Friday, May 11, 2012
Moonsnails, a quite large, carnivorous snail found locally, Apparently, they are great in chowder, but not so much pan fried. I was on the beach with some fabulous Beach Naturalists and a couple of questions arose: 1) how do they eat? 2) how do they move--like, what good is all of that slimy stuff? I will work on the eating part in this post.
Moonsnails eat all types of clams but they demonstrate a strong preference for our native littleneck clams. These clams live several inches down in the sand, and the moonsnail has become very efficient at digging for them. First it thrusts part of its big, slimy foot into the sand, inflates the "anchor" with water, then pulls itself into the sand. It keeps doing this until it reaches the clam, then armageddon ensues, at least for the clam.
Upon reaching the clam, the moonsail enfolds the clam in its foot, manipulating the clam as needed. Moonsnails get at the clam in a couple of different ways: drilling or creating a gap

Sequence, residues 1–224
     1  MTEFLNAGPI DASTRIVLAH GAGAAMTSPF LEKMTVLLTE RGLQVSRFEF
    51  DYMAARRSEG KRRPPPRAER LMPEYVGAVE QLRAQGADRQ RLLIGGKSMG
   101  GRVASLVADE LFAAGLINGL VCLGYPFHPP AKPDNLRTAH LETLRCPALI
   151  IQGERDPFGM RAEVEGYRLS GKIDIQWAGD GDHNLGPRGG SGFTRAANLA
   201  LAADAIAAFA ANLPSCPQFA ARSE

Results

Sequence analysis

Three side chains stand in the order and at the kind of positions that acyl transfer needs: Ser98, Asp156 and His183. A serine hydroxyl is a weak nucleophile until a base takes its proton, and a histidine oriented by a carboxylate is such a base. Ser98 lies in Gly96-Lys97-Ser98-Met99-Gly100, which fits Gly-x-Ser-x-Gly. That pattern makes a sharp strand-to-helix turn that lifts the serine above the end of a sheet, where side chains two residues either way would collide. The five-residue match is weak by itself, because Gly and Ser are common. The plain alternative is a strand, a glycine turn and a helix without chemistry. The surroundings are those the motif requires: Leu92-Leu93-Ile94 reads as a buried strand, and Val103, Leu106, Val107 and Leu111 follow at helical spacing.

To drill, the moonsnail manipulates the clam so that its hinged side is close to the snail's mouth. Once the clam is in position, the moonsnail uses an "accessory boring organ" that exudes carbonic anydrate (acid) to soften the shell so that the moonsnail's raspy tongue can drill a hole in the shell and the clam can be eatedn from the inside out. There is mention of a frankenstein-ish approach wherein the moonsnail sucks the clam out through its own siphon, but just a mention.
Drilling is a lot of work, however. It's much easier if the moonsnail just wraps its foot around the clam, encases it in foot mucus, and then waits for the clam to suffocate, thereby crating a "gap" in the shell through which the moonsnail can enter. Researchers who actually study this stuff (kinda like watching grass grow) report that it is not unusual for a moonsnail not to drill, but to suffocate. Even better if a gaper clam has been chosen for dinner--the gap gives the moonsnail a natural "in" whereby it can simply insert its radula and begin hacking away at the clam--no suffocation needed.
Contributed by Gretchen Frankenstein